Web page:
Indiana – a Life Sciences Innovation State

Indiana – a Life Sciences Innovation State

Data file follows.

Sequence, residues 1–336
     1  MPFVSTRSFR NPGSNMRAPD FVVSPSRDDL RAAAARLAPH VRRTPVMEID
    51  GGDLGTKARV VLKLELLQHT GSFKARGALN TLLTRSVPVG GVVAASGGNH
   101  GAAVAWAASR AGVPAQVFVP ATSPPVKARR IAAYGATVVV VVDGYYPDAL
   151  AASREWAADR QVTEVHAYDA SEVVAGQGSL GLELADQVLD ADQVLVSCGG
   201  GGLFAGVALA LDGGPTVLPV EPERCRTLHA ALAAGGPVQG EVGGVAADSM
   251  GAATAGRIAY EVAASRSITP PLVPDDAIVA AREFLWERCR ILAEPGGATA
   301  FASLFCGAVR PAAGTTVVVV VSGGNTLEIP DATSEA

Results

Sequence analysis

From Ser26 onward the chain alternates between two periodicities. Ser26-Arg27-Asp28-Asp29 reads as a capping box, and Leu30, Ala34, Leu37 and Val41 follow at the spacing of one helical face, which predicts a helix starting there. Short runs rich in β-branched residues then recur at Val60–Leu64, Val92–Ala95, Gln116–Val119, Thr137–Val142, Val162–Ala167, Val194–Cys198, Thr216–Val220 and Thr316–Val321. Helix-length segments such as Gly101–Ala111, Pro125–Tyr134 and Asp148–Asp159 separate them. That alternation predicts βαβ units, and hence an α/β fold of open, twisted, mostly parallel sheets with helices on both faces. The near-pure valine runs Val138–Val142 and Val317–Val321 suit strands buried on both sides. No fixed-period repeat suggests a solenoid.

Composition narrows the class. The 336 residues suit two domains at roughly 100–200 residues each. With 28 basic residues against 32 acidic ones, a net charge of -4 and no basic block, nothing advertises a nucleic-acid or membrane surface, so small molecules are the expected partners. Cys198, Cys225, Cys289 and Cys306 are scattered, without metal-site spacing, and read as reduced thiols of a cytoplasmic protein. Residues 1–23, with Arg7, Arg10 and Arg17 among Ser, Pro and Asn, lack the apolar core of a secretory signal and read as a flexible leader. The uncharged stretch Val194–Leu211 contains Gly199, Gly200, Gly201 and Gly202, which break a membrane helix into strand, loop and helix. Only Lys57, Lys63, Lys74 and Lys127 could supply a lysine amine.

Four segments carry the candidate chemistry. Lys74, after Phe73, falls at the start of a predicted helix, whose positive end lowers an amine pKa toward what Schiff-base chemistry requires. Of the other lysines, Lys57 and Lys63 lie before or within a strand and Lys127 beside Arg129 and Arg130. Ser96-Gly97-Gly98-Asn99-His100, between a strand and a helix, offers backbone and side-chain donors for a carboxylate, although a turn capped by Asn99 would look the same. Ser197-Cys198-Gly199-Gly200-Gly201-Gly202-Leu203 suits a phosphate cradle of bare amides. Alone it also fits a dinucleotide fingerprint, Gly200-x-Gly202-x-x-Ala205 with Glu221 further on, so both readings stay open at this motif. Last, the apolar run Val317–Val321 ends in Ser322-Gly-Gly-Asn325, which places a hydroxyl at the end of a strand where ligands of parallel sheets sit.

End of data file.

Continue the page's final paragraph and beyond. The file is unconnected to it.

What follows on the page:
By Janet H. Thomas, RID Indiana is building a life science industry that is competing with the traditionally accepted life science giants on the coasts. Two recent events provided public access to high details around this strategy. The Life Science Real Estate Summit and the IBJ Life Sciences Power Breakfast focused on the economic impact of Tech 16 and of the Life Sciences’ industry on the State. In 2014, Indiana generated $62 billion dollars in revenue from 1,695 companies employing 56,582 people and $9.9 billion in exported products, the 2nd highest in the US as determined by BioIntellex.  Tech 16 will be a planned community composed of research labs, office space, business incubators, co-working space, retail space, green space and apartments. The 20 year development plan is expected to attract $100 million from private investors by 2018 and $450 million in its first 10 years. The cornerstone of Tech 16 will be the Indiana Biosciences Research Institute, the first facility in the nation developed to fuel collaboration between local research universities and major institutions while attracting top research talent. Tech 16 is estimated to create 2,600 new jobs over a ten year period. 61% of these positions will be entry to middle skill level opportunities. 39% will be high skill jobs. However human capital is in short supply. Initiatives starting at the High School level engage young talent in the science and engineering professions. Community Health Network has aligned with Lawrence township schools and Project Lead the Way to develop STEM related curriculum that incorporates immersive learning or learning by doing. Franklin College revamped their curriculum to include science. In 2015 40% of the incoming freshmen planned to major in science making this their largest field of study. Franklin College believes combining STEM education with liberal arts and humanities increases critical thinking skills necessary to meet the needs of Hoosier life science employers, reports BioFutures magazine. Purdue University launched Discovery Park a collaborative cross-discipline think tank. They are also recruiting 60 faculty members in science, pharmacy, veterinary medicine, agriculture and health and human sciences to diversify their life sciences portfolio. The visionary efforts of the life science industry partners will encourage new business start-ups, new employment opportunities and a better work/life cycle for the people of Indiana. And the facilities to support this new collaboration will be critical to the success of the mission. At IDO we recognize the uniqueness of each client’s vision and empower our team to apply a unique blend of design talent and facility support service to move our world forward and improve the lives of others. Our specialty is designing mission critical environments that advance laboratory and clinical operations in the life sciences sector.  IDO looks forward to creating new partnerships to support the Indiana life science industry with their mission critical environments. Photos courtesy of mediaphotos at http://www.istockphoto.com/

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